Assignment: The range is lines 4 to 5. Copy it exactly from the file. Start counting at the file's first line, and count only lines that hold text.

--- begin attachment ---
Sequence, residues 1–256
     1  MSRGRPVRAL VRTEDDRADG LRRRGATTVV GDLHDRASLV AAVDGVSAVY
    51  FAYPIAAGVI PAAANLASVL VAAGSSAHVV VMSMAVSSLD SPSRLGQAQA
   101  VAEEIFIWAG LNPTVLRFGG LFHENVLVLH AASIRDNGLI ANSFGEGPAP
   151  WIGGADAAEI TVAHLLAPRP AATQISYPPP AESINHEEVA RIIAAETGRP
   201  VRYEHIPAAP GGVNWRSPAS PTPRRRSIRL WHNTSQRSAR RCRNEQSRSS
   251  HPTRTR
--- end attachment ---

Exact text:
   101  VAEEIFIWAG LNPTVLRFGG LFHENVLVLH AASIRDNGLI ANSFGEGPAP
   151  WIGGADAAEI TVAHLLAPRP AATQISYPPP AESINHEEVA RIIAAETGRP